The keys of this map represent the page names that we show on the menu.

So we can define a state variable for the selected page name, and use it to:

  • show a checkmark next to the selected page inside the AppMenu.
  • return the widget (FirstPage or SecondPage) that corresponds to the selected page as the home of the MaterialApp.

This variable represents some global application state because both the AppMenu and the root widget (MyApp) need access to it.

So, how do we manage this global state, and how can widgets get access to it?

Any of the existing state management packages would do, or we could even use some of the built-in Flutter APIs such as ValueNotifier.

But for this tutorial, we're going to use Riverpod as it helps us easily handle both state management and dependency injection.

For more info about Riverpod, see my Riverpod Essential Guide.

To get this up and running, we can add the latest version to our pubspec.yaml:

dependencies: flutter: sdk: flutter flutter_riverpod: 1.0.0-dev.6

And we need to add a parent ProviderScope to our root widget:

void main() { runApp(ProviderScope(child: MyApp())); }

Then, let's add a StateProvider to our app_menu.dart:

// this is a `StateProvider` so we can change its value final selectedPageNameProvider = StateProvider<String>((ref) { // default value return _availablePages.keys.first; });

As the name implies, this provider will give us access to the selected page name. By default, it returns the first key inside _availablePages.

We declared selectedPageNameProvider as a StateProvider so that we can change its value. In this case, a StateNotifierProvider is not necessary because there's no business logic or backing store for this variable.

Reading the selected page

Let's update the AppMenu widget to use this:

// 1. extend from ConsumerWidget class AppMenu extends ConsumerWidget { // 2. Add a WidgetRef argument @override Widget build(BuildContext context, WidgetRef ref) { // 3. watch the provider's state final selectedPageName = ref.watch(selectedPageNameProvider).state; return Scaffold( appBar: AppBar(title: Text('Menu')), body: ListView( children: <Widget>[ for (var pageName in _availablePages.keys) PageListTile( // 4. pass the selectedPageName as an argument selectedPageName: selectedPageName, pageName: pageName, ), ], ), ); } }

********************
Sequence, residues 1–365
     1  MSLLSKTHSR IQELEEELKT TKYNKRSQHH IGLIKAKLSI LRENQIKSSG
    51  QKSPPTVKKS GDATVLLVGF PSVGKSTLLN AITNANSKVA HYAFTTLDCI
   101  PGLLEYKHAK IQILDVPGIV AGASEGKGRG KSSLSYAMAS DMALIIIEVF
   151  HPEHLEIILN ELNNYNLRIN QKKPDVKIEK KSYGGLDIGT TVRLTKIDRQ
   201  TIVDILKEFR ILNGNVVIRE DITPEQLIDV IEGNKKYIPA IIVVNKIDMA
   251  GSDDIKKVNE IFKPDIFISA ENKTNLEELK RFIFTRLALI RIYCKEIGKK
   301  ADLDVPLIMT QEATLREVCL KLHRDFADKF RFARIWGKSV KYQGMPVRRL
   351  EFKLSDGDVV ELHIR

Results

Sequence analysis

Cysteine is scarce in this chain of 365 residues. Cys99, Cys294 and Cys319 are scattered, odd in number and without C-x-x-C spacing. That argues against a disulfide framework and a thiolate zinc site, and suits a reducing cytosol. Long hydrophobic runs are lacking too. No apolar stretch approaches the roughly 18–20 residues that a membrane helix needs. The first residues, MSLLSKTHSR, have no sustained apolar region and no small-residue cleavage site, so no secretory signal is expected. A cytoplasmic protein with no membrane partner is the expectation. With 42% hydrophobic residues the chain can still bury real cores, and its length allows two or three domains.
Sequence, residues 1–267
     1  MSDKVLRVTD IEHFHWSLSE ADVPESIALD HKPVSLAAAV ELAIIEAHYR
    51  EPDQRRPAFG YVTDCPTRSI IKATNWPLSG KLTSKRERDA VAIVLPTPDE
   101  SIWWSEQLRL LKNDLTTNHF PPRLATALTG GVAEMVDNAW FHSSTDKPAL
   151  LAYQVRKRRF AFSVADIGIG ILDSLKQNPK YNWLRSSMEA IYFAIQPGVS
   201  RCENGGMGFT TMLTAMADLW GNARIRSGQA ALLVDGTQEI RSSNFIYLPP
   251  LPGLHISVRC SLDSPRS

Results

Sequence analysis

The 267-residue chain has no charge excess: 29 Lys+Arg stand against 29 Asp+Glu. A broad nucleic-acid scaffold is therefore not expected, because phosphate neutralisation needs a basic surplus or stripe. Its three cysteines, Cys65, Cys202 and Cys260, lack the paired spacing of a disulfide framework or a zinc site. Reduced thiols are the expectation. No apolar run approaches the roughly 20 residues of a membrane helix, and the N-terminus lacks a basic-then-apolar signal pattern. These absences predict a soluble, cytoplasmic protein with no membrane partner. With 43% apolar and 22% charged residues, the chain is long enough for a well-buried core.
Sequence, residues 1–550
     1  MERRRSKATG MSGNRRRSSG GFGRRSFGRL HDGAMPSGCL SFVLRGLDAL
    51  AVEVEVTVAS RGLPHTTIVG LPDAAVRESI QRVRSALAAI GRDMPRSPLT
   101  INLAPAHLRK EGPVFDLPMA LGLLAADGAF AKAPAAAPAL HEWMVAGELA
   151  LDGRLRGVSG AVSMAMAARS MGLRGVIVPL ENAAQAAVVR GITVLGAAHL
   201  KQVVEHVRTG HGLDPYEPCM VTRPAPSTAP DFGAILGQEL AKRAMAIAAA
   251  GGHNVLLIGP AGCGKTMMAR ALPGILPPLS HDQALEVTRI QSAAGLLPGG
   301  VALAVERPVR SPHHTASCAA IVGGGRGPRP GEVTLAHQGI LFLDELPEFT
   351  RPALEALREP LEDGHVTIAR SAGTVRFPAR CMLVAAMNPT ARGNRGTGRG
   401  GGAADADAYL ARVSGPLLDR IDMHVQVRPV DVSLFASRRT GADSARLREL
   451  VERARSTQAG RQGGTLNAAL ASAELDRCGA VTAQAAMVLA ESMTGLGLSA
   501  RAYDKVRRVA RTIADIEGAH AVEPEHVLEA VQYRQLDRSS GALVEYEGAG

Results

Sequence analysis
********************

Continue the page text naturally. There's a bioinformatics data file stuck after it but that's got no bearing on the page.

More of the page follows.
In the build() method we use ref.watch to get the selected page name, and pass this as an argument to the PageListTile widget.

With this change, we now get the checkmark next to the first page in the list:

Split View Example

Updating the selected page

Next, let's enable page selection by adding an onPressed callback handler to our PageListTile:

PageListTile( selectedPageName: selectedPageName, pageName: pageName, onPressed: () => _selectPage(context, ref, pageName), )

We can define the _selectPage method like so:

void _selectPage(BuildContext context, WidgetRef ref, String pageName) { // only change the state if we have selected a different page if (ref.read(selectedPageNameProvider).state != pageName) { ref.read(selectedPageNameProvider).state = pageName; } }

With this change, we can now switch between the first and second page and the AppMenu widget rebuilds because we're using ref.watch to observe state changes in the build() method. As a result, the checkmark is also updated:

Menu selection: the checkmark updates when a page is selected
Menu selection: the checkmark updates when a page is selected

Updating the content page

However, the content page on the right-hand side still doesn't change because we're still passing a hard-coded FirstPage() to the SplitView inside MaterialApp.

To address that, let's define a new provider: